When a “high-profile art world family” posted a job ad on the New York Foundation for the Arts website looking for an executive assistant, the internet took notice—and not in a good way. The demanding position read like a parody and seemed significantly underpaid at just $65,000 to $95,000 a year given the role’s extensive responsibilities.
So who is this family seeking a candidate determined to “make life easier for the couple in every way possible,” including by managing their “dog systems,” “closet systems,” gardening, drafting emails and social media posts, picking up clothes from “high-end stores,” booking “high-end travel,” providing IT support, helping with “in-studio cats,” managing house cleaning, providing childcare, being available on nights and weekends, signing an NDA, and driving the family to the Hamptons—after packing their bags?
A former Sachs employee told Artnet News in an email that it was the mention of an “organizational officer” that “clocked it” in their mind. “And dog systems and closet systems. There’s only one person who would say those three things.”
The couple has also been named as the creators of the ad in numerous posts online. Maika Pollack, director of the John Young Museum of Art and University Galleries at the University of Hawai‘i, tweeted simply “lol Tom Sachs and Sarah Hoover.” Another user wrote “it’s gotta be tom sachs and sarah hoover I feel it in my bones.”
Commenters on Emily Colucci’s blog Filthy Dreams, which first brought the job listing to light—and was smart enough to save it as a PDF before its owners scrubbed it from the internet—say the same. “I can assure you this is Tom Sachs and his ‘organizational officer,’” wrote a commenter named Ellen on Colluci’s blog.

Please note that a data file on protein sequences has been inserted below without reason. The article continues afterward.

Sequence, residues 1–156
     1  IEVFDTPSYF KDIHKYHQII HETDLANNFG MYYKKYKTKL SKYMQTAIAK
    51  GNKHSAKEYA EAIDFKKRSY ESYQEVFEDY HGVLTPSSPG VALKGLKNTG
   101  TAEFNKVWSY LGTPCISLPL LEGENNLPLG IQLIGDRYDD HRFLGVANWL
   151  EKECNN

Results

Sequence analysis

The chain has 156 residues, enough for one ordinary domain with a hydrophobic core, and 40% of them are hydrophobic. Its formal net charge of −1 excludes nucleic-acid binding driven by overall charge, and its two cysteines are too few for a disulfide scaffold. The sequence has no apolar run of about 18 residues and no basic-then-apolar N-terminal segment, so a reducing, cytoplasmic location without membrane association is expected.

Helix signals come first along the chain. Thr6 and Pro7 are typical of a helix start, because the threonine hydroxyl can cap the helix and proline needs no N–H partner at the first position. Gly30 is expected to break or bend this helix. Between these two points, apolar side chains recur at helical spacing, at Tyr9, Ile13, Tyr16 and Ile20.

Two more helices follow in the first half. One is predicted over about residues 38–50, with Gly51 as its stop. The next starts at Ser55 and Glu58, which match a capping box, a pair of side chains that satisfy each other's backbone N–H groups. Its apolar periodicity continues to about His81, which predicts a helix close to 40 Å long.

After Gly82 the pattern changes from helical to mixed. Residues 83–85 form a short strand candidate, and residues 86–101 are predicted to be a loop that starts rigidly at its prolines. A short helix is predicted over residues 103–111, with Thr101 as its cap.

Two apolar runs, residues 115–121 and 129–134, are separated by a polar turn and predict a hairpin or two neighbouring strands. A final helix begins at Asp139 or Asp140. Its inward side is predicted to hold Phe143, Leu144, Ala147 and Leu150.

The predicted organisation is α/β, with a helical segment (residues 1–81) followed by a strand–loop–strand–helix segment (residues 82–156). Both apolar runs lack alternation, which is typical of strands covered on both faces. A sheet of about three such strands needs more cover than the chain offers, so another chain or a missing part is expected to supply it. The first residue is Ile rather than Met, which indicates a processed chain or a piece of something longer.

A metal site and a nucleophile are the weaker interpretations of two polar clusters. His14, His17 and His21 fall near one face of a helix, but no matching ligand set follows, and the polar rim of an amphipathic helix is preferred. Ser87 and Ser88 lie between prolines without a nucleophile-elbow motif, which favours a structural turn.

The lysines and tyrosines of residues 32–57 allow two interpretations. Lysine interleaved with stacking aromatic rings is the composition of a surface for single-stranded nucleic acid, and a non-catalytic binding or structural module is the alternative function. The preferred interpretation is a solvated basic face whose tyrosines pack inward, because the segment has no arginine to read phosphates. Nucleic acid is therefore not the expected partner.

The ad also provides a number of identifying details that line up with Sachs and Hoover, who married in 2012. They share a French bulldog named Napoleon and have a five-year-old son, Guy. Sachs also has a well-documented predilection for “systems,” having said at various times that his work takes inspiration from “food delivery systems,” “speaker systems,” and “reaction control systems.” His studio is apparently filled with “sorting systems.”
The artist, who is known for his “Space Program” series of sculptures related to NASA space missions, demands that viewers of his work share his extreme attention to detail and sometimes perform menial tasks—as in the NYFA listing—in order to participate in it. Visitors to his 2017 “Space Camp” on New York’s Governors Island had to watch a 40-minute film and complete a grueling obstacle course in order to take home a pair of Sachs’s new NIKECraft Mars 2.0 sneakers. Before granting journalists interviews, he instructs them to watch a 21-minute film explaining the rules of his studio.
Even for an industry like the art world, where young people struggling to find a career foothold frequently take low-paying yet exhausting jobs for which they are overqualified, the Sachs-Hoover executive assistant is… a lot. (The even called it “the worst job ever.”)
No word yet on whether they’re still hiring.